The achievement of neglect and the ontology of artworks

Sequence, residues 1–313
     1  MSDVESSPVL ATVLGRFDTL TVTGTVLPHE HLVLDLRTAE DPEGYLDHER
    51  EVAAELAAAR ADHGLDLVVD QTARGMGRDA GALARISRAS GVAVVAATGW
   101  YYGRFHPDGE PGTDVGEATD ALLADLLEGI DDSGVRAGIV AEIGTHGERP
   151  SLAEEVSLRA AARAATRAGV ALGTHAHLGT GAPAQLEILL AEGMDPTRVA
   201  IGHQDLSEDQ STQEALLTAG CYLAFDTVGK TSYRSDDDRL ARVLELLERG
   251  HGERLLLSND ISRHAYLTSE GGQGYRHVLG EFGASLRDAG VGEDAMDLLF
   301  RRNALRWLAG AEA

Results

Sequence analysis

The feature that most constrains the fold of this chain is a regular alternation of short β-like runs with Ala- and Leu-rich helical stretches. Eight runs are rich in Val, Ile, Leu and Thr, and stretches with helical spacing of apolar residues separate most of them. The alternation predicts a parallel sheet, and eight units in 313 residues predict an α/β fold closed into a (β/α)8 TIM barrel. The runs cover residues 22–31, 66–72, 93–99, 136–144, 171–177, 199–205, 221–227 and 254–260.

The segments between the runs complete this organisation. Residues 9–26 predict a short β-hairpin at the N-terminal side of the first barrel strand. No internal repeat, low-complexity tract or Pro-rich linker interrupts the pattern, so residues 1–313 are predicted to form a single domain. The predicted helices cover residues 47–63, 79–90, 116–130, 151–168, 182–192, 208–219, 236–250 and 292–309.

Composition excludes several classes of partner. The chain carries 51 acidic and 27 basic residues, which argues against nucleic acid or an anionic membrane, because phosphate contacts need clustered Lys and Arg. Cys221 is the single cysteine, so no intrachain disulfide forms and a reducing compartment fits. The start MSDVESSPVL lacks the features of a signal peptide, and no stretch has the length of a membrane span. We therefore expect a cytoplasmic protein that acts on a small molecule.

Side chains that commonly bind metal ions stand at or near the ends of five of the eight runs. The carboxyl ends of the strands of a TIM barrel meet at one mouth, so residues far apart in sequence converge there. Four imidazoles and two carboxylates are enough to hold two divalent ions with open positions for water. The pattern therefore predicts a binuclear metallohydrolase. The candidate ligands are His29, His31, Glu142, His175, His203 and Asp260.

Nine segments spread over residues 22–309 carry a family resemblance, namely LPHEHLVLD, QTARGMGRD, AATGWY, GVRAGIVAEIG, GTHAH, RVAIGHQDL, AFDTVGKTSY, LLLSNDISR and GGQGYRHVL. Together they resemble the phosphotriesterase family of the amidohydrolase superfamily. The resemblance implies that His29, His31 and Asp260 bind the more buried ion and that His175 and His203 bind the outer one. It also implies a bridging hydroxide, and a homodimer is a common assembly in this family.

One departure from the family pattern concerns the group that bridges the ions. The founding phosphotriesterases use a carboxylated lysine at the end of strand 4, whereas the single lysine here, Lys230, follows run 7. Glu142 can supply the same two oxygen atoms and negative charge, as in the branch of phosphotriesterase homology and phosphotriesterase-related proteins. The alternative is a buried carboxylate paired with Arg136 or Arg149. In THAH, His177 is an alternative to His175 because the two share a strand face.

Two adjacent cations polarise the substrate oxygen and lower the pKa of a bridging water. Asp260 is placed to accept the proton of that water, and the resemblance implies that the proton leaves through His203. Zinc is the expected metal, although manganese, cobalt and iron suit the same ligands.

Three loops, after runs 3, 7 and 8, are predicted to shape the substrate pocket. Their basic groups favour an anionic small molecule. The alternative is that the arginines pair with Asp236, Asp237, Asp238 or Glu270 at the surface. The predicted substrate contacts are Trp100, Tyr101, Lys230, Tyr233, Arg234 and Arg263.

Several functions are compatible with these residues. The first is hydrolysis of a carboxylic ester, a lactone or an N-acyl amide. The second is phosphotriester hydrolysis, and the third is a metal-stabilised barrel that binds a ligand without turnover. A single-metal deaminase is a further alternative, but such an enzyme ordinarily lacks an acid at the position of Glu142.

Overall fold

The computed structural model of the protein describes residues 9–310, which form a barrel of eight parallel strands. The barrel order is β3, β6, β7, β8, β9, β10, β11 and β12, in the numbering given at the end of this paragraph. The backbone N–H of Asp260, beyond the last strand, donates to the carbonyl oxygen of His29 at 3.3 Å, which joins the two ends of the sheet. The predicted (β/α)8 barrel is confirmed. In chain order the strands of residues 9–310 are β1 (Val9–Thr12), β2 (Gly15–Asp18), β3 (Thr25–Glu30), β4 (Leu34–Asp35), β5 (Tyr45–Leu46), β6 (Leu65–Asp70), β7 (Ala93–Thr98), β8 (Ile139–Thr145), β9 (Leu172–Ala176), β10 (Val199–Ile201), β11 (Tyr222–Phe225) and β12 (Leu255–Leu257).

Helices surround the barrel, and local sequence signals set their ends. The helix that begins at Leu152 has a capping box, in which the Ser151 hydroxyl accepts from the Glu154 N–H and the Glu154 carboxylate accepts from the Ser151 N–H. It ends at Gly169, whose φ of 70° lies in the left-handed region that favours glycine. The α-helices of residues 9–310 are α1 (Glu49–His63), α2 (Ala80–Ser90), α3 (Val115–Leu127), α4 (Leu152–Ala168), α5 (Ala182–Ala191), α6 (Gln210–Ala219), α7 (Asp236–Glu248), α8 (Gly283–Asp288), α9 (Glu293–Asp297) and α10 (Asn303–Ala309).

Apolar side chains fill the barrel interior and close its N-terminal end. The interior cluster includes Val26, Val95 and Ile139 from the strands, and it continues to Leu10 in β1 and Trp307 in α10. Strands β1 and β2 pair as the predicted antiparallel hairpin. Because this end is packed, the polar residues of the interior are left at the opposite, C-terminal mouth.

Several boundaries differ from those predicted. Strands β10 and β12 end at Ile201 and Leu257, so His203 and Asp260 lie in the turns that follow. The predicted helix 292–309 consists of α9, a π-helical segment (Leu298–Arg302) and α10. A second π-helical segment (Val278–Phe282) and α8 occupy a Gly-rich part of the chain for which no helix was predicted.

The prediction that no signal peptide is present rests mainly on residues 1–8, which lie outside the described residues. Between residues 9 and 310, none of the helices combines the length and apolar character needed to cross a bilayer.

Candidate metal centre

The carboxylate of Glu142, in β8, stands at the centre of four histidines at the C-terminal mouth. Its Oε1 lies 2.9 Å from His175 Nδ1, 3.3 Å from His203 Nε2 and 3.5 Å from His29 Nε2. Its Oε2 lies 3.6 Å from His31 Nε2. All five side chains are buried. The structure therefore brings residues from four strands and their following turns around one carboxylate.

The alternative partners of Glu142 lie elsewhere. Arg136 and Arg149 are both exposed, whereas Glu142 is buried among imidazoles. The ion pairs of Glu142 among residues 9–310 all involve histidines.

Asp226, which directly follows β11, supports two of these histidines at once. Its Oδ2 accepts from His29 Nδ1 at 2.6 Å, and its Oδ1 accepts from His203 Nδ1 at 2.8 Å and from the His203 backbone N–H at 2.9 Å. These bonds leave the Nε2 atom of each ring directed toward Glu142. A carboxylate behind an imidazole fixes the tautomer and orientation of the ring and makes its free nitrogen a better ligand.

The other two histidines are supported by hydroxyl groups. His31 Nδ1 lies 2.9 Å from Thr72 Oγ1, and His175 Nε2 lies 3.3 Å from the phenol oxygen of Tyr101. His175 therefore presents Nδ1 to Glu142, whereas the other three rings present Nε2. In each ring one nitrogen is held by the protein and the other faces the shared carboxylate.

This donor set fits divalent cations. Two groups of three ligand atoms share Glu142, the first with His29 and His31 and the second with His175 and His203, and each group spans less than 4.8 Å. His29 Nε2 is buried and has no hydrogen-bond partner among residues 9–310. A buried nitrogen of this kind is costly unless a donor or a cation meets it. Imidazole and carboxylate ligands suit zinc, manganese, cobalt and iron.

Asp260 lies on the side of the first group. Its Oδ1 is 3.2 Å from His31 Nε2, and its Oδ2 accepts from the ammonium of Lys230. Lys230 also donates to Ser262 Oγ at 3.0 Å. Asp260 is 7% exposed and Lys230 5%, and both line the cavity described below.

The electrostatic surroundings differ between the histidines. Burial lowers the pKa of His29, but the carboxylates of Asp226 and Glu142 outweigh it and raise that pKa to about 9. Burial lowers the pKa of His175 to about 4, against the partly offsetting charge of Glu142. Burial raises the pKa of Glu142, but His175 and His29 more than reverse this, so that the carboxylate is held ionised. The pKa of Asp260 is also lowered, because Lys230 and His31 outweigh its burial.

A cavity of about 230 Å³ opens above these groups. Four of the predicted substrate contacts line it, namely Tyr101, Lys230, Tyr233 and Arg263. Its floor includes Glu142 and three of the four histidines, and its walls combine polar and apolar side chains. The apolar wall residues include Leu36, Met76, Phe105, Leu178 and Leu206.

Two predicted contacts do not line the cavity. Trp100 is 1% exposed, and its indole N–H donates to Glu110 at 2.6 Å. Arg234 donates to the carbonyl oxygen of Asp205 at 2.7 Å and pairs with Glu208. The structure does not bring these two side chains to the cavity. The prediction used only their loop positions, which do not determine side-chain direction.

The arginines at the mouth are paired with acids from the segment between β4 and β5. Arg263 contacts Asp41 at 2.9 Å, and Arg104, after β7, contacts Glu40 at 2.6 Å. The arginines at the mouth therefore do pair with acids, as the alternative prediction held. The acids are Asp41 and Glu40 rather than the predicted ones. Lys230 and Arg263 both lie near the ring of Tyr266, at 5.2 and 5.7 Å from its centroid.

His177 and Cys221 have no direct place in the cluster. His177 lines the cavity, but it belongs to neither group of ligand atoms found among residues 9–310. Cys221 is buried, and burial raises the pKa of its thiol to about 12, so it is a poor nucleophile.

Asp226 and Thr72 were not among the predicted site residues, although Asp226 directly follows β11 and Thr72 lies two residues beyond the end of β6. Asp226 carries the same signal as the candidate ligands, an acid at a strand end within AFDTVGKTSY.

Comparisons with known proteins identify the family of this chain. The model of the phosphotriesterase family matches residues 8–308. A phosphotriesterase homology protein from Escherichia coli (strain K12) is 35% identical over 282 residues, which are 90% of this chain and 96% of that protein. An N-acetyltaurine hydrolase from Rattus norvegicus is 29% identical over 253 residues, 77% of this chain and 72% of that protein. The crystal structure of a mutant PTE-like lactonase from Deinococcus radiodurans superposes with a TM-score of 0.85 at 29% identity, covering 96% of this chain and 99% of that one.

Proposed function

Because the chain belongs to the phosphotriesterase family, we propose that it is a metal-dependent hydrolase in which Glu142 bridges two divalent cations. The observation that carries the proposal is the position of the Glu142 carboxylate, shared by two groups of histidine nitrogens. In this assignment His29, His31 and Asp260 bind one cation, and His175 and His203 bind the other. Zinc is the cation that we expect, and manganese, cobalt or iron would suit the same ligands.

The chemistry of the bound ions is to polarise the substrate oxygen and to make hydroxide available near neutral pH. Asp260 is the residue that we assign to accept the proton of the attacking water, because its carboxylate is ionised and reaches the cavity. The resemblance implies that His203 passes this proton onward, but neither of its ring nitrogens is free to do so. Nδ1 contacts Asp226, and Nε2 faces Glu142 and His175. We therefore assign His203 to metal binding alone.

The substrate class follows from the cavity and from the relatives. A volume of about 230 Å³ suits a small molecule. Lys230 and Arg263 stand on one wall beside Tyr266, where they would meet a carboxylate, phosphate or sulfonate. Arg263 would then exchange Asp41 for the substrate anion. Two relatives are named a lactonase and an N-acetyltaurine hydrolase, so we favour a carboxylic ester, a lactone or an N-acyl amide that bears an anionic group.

of (from British Columbia Philosophy Graduate Conference) The paper seeks to reconcile a folk sentiment and a commonplace within aesthetics that may be in tension: The sentiment that our creations can sustain beyond our own lifetimes as a legacy of our lives and the commonplace that some artworks can be made, and exist as artworks within an artist’s mind, without being articulated in a publicly accessible medium. It does this through denying that artworks can exist as the content of thoughts, and argues that in order to have determinate existence and individuation conditions, all artworks, irrespective of art form need to be articulated in a communicable form. The paper interprets this argument within a framework noting the difference between a work being neglected and falling into oblivion, concluding that an artwork does not exist until it meets the conditions for neglect, separate from its author’s existence.
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